Don’t Answer Me

Why is youthful romance so difficult to portray in an interesting way? I know people who absolutely hate Romeo & Juliet, although the whole point of that one is that the main characters are just nitwits who think they’re in love, so if you read it as a satire, it’s pretty good. The Tempest is a great play, but easily the most boring aspect of it is Miranda’s romance with whatshisname, whom she falls in love with, literally, at first sight and marries after knowing for about one afternoon. Jesus. Not surprisingly, my favorite Shakespeare play is Antony & Cleopatra, which is about two flawed, complicated people who realize that they share something and decide to have a go at it anyway. I see a lot of plays, movies, and books about meeting that special someone. I would like to see more about what you do once you’ve met that special someone. According to The Winter’s Tale, you immediately become paranoid that they’re cheating on you and fuck everything up royally. It’s ironic that even though Shakespeare’s men are terrified of being cuckolded, the only example I know of a woman actually cheating is in King Lear. Draw your own conclusions.

I saw a play not too long ago. It was an erotic gay comedy about coming out and finding love. I’m not going to name the play or where I saw it because this is not a review, and I don’t want people to think I’m bashing it when all things considered, I had a pretty good time. It was really funny. An old theater friend of mine was in it, and she was great, too. But with that out of the way, I have to ask: Why is so much gay fiction about coming out? Coming out, as Harvey Milk said, is the most important thing any LGBT person can do, but it’s hardly the most interesting. The play started, we were introduced to the nice couple, then it flashed back to how they met, and I realized that that flashback would be the whole play. I would have rather seen what life was like for them after 20 years.

Adolescence is difficult for anyone, so dealing with a sexual awakening on top of the realization that you are part of a persecuted minority is a lot to take. That’s why it can take so long to get over it, if “get over” is the right term, which I don’t quite think it is. So much of the world is still hung up on this shocking fact that yes, some men like other men, and some women like other women. There’s nothing anyone can do about it. The evidence that a child’s sexuality is determined when they’re still in the womb is piling up, and to top it off, the factors that control for it are so numerous and variegated that we couldn’t engineer a child’s sexuality even if we wanted to. (Well, some do, but I don’t.) Clearly, God (or nature, if you prefer) saw homosexuality as part of the divine plan, and did not want anybody to tamper with it. It’s here to stay, is what I’m trying to say, and so deeply wired into people that it’s there long before they even know it. It can take a long time to get used to that, which is why, again, coming out can be so damned difficult. Even if everyone already knows and is just waiting for you to say something (and you know they know), it’s scary. And some experiences stick with you no matter what.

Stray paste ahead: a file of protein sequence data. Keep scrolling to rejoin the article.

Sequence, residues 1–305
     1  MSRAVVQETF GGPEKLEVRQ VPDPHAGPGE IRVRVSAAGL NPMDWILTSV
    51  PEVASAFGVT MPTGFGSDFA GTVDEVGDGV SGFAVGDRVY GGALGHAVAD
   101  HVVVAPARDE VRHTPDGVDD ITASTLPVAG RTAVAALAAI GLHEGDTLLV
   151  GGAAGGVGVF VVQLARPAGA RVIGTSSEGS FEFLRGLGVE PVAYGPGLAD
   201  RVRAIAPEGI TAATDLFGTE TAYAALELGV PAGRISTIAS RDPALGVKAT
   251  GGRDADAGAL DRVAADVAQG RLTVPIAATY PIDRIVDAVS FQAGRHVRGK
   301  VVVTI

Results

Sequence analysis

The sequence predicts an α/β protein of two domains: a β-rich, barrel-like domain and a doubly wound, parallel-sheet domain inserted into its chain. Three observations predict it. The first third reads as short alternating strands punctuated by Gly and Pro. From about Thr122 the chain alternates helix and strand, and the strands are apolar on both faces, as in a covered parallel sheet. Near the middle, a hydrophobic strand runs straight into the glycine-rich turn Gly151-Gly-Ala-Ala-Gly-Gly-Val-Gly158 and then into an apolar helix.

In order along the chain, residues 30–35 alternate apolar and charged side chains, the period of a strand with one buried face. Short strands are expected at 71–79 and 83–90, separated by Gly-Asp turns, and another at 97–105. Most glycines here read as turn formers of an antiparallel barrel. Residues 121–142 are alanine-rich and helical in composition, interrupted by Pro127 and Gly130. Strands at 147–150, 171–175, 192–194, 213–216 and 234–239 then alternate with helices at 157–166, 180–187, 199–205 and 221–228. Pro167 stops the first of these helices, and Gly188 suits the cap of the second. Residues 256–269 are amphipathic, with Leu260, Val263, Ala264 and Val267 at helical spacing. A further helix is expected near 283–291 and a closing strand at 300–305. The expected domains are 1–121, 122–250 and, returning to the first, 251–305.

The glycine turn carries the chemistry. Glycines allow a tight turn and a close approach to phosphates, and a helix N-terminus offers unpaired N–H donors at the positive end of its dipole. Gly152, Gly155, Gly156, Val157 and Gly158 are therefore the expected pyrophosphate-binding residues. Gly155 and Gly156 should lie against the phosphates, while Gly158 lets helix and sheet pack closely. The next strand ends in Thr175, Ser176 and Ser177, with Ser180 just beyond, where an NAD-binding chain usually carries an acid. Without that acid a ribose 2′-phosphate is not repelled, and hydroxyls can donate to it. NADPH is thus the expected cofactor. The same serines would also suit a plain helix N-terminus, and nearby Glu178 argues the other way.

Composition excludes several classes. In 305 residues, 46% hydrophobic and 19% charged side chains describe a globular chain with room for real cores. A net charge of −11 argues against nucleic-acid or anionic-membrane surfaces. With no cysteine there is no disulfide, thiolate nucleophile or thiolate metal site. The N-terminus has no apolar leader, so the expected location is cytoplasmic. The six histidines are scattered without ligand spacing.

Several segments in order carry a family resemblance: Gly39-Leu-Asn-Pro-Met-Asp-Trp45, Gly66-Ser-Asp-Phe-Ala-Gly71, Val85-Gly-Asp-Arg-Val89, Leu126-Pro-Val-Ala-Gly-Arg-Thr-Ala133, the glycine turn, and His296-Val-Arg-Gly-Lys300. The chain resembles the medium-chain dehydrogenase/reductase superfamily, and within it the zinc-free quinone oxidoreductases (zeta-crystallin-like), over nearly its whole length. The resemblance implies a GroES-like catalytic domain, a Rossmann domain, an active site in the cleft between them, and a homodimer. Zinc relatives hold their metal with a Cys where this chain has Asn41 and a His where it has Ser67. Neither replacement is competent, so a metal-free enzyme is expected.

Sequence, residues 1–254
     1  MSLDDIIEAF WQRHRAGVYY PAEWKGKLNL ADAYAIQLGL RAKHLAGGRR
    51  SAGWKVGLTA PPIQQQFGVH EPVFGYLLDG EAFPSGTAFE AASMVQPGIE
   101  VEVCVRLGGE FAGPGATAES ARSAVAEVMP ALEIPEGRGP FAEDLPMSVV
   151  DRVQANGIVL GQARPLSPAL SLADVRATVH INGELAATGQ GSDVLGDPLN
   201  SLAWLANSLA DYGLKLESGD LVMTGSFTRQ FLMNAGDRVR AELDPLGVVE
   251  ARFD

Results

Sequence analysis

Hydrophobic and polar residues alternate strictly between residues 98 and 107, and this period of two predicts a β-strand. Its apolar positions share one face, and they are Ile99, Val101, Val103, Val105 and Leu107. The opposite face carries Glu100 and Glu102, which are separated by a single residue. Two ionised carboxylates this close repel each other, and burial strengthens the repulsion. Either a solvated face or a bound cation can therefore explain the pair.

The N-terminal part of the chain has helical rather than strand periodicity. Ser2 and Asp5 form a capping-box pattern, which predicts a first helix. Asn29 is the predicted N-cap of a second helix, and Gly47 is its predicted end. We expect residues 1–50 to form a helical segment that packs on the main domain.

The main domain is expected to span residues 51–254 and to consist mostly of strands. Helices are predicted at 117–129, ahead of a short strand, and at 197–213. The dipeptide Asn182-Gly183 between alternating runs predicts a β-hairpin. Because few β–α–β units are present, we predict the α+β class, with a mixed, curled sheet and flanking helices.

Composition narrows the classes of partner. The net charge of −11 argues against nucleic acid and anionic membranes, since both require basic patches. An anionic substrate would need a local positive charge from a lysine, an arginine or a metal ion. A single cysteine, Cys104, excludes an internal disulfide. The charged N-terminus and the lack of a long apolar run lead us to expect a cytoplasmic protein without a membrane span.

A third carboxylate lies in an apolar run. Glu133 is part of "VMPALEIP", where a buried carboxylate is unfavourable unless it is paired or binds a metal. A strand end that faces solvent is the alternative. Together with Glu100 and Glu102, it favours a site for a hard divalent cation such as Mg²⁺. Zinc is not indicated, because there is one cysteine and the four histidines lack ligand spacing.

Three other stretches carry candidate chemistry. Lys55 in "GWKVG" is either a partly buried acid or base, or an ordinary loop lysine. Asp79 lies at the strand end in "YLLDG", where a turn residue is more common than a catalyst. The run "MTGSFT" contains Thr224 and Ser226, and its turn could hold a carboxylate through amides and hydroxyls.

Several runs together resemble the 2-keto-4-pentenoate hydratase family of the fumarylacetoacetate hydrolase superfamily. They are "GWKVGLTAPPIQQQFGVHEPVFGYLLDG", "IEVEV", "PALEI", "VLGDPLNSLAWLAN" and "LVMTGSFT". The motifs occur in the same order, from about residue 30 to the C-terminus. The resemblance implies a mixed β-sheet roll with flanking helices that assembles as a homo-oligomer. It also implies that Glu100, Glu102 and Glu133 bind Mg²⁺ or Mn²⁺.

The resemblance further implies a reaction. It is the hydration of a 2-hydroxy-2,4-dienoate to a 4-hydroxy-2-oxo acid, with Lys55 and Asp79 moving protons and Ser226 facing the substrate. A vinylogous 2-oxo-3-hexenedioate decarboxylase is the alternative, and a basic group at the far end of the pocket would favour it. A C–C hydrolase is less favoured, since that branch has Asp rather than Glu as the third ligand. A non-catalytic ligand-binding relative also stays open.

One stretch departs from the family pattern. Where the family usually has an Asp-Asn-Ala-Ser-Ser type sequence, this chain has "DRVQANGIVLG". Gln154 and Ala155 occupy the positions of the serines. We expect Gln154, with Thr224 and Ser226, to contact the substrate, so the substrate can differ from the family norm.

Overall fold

At the same time, there is a sense of entitlement that can come with being accepted by everyone around you. Part of the reason that I never got seriously involved with any of the LGBT organizations in college (well, there was one, but I was only semi-involved) is because they are all primarily geared towards helping people accept their own sexuality/gender identity, then helping others accept that fact about them. That’s important, but there’s more to it than that. It’s about building up a cultural and political identity as much as it is about accepting that you like cock (if you’re a guy, which I am). That does not have to mean watching Mean Girls over and over again (funny movie, but seriously!). It’s subtler than that.

brokebackThe message, “We’re here, we’re queer, get used to it” is relevant and somehow a bit trite at the same time. I want to know what happens once people have gotten used to it. Paradoxically, that might help some of us get used to it. We have to walk a fine line between recognizing that it was not so long ago that homosexuality was still classified as a mental disorder and the thought of gays getting married was, at best, a distant dream, and understanding that even then, it wasn’t just about which team you play for. Brokeback Mountain is one of my favorite modern-day love stories, but depending on how you look at it, it’s not really a gay movie, is it? There’s nothing overtly political about it, and it wouldn’t be too hard to imagine a film that has the same basic plot points but features, say, a ranch hand who falls in love with the rancher’s daughter but can’t have her because of classism or something, Okay, so it wouldn’t be quite the same movie, but it’s easier to picture than a straight version of Weekend.

I don’t want to sound like a crank here. The Daily Show had a great segment about this a few years ago that I’ve probably linked to before, but will link to again just to make a point. If I had to boil this down, I would say that while it is important not to be defined by one’s sexuality or gender, it is important to not completely not be defined by it either. Think about it.


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